- The Welsh Ambulance Service shared the stupidest 999 calls it received in 2023
An ambulance service has shared some of the stupidest calls made to 999 in the past year – including a member of the public panicking that they’d eaten too much kebab.
Other inappropriate calls including someone who had lost their voice and a person with a ring stuck on their finger.
A further standout was someone who called 999 because they had misplaced their false teeth, while another had their hand stuck in a letterbox.
The details were revealed by the Welsh Ambulance Service, who added that of the 414,149 calls they received last year – 68,416 were not a life-or-death emergency – an average of 188 calls a day.
The Trust is reminding people only to call 999 if someone is seriously ill or injured.
Andy Swinburn, executive director of paramedicine, said: ‘Inappropriate calls put additional strain on an already over-stretched service and may delay help for others.
‘Our highly skilled paramedics and technicians are trained to help those whose life is in imminent danger.
‘That’s people in cardiac arrest, people with chest pain or breathing difficulties, loss of consciousness, choking, severe allergic reactions, catastrophic bleeding or someone who is having a stroke.
‘People who’ve had a cough for a couple of days have a legitimate clinical need, but it’s ill-judged to call 999 when there are so many other ways to access help.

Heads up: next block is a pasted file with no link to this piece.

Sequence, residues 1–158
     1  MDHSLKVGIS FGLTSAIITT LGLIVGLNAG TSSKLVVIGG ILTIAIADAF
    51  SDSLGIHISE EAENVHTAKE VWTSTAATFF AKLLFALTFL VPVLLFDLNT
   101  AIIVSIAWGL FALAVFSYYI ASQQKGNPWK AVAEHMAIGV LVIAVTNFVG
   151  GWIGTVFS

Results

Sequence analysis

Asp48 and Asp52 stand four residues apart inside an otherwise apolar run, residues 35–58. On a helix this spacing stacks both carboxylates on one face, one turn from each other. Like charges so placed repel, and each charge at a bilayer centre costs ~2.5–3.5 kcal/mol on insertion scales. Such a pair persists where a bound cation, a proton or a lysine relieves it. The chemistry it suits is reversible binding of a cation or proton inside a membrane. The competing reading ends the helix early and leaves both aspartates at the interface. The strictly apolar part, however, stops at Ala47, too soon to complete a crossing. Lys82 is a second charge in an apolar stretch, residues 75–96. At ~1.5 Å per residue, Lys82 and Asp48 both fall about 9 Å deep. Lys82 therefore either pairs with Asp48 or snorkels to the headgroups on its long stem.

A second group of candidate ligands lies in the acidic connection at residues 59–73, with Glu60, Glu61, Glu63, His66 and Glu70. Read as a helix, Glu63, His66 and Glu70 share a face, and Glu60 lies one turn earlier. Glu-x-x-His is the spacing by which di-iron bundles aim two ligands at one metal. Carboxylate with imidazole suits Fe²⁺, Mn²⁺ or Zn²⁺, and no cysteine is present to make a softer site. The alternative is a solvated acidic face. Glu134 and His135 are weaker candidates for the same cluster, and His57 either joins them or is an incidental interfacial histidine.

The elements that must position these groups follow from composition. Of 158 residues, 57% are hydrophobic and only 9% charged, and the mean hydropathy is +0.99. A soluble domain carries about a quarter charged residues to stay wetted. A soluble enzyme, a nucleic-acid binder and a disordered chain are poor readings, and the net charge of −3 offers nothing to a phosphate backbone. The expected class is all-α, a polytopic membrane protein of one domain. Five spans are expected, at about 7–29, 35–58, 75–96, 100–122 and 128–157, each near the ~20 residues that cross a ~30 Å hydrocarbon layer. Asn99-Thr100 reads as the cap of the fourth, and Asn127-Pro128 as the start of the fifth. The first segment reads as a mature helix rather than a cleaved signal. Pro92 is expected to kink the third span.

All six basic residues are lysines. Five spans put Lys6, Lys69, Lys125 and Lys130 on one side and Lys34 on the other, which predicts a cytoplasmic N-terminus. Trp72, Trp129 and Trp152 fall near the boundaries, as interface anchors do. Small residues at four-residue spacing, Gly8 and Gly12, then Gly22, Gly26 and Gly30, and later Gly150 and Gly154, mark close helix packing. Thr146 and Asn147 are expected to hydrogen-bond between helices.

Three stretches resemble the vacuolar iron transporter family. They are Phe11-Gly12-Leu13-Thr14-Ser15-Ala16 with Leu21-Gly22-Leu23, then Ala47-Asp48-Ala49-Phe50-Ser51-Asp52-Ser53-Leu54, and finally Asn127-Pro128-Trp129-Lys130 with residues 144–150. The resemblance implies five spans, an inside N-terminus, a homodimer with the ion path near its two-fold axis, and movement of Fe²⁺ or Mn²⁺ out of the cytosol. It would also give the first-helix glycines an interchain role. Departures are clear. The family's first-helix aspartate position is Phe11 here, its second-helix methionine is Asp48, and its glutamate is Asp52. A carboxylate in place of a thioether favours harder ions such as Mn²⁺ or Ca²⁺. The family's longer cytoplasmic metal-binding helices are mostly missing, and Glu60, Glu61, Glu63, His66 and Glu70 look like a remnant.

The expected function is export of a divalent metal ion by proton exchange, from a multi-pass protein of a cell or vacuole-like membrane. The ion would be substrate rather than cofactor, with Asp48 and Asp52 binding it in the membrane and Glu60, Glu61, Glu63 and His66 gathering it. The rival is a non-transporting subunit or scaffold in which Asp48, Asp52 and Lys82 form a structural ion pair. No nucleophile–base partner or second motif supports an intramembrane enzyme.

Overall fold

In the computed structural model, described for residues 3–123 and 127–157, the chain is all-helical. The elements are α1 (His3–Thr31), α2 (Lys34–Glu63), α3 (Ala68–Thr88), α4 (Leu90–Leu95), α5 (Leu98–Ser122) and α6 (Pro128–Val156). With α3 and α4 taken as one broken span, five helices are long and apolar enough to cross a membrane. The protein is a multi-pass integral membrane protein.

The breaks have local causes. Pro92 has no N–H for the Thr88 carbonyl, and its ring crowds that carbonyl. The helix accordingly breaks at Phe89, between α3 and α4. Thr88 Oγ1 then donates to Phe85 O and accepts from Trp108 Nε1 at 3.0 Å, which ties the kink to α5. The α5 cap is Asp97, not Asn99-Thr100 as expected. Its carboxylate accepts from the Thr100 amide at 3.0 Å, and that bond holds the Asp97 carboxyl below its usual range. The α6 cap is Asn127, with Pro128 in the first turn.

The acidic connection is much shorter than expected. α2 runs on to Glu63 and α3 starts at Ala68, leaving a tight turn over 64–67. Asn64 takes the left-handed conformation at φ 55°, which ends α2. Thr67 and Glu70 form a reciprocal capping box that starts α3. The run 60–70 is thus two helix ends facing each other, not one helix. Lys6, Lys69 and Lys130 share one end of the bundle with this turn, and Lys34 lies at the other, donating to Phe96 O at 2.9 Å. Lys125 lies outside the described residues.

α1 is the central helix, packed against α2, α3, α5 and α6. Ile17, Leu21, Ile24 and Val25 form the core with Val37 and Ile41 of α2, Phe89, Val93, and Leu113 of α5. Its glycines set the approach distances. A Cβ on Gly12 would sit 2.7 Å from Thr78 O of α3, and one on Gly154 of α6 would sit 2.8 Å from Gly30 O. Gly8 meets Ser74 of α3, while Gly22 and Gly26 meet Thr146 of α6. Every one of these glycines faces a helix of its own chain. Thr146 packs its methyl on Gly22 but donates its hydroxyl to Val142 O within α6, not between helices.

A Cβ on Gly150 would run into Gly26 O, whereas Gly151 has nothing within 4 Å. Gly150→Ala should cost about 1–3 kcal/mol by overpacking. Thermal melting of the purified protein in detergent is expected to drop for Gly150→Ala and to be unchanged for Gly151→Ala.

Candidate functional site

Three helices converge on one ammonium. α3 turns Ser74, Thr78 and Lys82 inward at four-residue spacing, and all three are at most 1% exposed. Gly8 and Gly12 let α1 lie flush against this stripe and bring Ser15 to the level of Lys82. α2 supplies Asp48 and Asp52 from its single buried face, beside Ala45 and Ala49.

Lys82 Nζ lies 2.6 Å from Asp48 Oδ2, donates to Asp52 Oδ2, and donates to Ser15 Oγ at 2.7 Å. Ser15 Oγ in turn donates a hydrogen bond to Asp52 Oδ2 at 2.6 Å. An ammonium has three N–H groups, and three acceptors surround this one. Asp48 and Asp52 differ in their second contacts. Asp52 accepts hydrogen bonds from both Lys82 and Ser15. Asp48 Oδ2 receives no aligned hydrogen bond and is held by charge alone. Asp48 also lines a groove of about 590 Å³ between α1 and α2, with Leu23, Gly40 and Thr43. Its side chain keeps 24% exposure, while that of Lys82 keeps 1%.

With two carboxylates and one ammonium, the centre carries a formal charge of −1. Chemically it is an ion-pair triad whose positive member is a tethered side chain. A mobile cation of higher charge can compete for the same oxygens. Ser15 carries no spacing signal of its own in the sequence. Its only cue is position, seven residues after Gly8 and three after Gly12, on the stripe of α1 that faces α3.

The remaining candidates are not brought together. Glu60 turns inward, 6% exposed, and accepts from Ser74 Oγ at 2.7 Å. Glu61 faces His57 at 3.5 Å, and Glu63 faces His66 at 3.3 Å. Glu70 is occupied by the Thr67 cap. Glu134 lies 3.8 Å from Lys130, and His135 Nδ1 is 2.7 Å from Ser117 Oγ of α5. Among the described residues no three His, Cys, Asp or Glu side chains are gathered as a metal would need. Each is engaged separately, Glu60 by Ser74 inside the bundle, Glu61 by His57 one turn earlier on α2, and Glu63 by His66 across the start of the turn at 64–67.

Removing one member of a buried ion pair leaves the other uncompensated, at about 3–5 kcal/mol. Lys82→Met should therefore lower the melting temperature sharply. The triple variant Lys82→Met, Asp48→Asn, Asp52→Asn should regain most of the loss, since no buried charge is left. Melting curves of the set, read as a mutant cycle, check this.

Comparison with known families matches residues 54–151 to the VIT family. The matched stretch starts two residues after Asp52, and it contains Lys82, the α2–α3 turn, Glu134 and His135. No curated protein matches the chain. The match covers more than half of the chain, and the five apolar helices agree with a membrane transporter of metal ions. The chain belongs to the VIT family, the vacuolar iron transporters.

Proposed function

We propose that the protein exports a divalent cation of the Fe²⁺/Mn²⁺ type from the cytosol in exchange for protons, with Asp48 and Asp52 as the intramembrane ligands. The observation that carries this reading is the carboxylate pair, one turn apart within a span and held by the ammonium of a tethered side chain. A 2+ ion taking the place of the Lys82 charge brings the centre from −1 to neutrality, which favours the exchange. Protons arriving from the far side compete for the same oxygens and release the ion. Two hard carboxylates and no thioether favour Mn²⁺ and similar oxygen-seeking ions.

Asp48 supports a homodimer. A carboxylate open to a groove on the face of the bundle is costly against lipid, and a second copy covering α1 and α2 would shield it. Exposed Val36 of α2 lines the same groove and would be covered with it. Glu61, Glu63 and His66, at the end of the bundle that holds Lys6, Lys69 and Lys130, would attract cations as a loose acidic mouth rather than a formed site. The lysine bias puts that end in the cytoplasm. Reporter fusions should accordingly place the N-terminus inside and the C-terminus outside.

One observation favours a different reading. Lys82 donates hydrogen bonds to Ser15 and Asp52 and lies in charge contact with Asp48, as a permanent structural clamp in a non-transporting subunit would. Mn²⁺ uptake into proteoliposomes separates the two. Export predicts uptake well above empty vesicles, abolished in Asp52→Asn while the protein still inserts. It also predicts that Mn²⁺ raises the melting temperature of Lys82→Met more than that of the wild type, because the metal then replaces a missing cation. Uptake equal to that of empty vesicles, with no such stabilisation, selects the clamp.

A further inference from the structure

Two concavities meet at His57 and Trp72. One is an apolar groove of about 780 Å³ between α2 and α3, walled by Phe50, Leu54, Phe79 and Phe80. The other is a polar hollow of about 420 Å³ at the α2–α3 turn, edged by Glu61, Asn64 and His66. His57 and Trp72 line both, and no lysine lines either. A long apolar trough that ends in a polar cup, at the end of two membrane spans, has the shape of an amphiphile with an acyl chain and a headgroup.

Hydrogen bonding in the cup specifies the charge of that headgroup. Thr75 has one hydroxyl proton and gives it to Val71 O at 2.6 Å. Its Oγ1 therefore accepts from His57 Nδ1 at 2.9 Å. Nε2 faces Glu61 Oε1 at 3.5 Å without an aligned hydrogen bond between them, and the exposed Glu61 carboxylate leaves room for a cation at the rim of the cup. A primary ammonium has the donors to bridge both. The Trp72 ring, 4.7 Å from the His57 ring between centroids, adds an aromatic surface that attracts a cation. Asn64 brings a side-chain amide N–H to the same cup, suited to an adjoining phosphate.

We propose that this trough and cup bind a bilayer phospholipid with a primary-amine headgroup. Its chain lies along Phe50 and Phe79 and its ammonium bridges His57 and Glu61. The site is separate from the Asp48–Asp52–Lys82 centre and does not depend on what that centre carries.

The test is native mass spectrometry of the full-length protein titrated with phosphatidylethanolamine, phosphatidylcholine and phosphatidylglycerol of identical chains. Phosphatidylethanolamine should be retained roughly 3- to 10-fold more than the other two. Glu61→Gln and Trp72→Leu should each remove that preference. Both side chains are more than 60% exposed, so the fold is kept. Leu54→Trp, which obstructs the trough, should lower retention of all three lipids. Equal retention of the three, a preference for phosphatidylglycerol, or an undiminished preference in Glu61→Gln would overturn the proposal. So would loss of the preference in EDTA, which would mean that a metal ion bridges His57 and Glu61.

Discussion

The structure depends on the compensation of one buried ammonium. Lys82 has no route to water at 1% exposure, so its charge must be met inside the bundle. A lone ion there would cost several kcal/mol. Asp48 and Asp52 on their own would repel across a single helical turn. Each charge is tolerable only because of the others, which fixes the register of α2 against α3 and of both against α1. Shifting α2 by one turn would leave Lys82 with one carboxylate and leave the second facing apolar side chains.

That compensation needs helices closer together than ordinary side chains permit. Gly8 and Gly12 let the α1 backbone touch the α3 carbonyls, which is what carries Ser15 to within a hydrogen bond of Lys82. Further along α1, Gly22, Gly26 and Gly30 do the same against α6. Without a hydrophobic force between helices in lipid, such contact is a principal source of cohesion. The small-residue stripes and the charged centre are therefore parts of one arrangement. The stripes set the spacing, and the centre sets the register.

‘Our plea to the public is to apply your common sense – most people know the difference between a real emergency and something that is uncomfortable, painful or irritating but not life-threatening.
‘Make the right call.’
The service is asking people to educate themselves about the alternatives to 999.
Lee Brooks, executive director of operations, added: ‘If it’s not a serious or life-threatening emergency, it’s really important that you consider the alternatives to 999.
‘The NHS 111 Wales website should be your first port of call for advice and information, or you could call 111 if it’s urgent, and our call handlers will help signpost you to the right treatment, in the right place, at the right time.
‘You could also visit your local pharmacist, where experts in medicines can offer free clinical advice and over-the-counter medicines for a range of common ailments, such as coughs, colds, rashes, aches and pains.
‘And at Minor Injuries Units, experienced emergency practitioners can deal with things like minor burns, bites and stings, as well as minor eye injuries.
‘Ensure you have a well-stocked medicine cabinet for things which can be treated at home, like cut fingers, headaches and sore throats.
‘And if you have prescription medication, please keep on top of it and collect it on time.
‘If you or your loved one is ill or injured, ask yourself whether you really need the attention of the emergency services or if you can use an alternative or make your own way to hospital.
‘We’re here to help people in their hour of need, but we also need the public to take some ownership and accountability for their health and wellbeing at a time when NHS services are stretched beyond measure.
‘Every single one of us has a responsibility to use NHS services wisely and protect them for those who need them most.’
Chief Executive Jason Killens added: ‘We know it’s confusing to access NHS services – you don’t know what’s open when and which healthcare professional is best placed to help.
‘Longer-term, our ambition is to play a strengthened role in the broader NHS system to help patients navigate the right pathway to the most appropriate service, and that includes non-urgent health queries too.
‘But until then, we need the public to continue to use us sensibly to protect our precious resources for those who need us most.’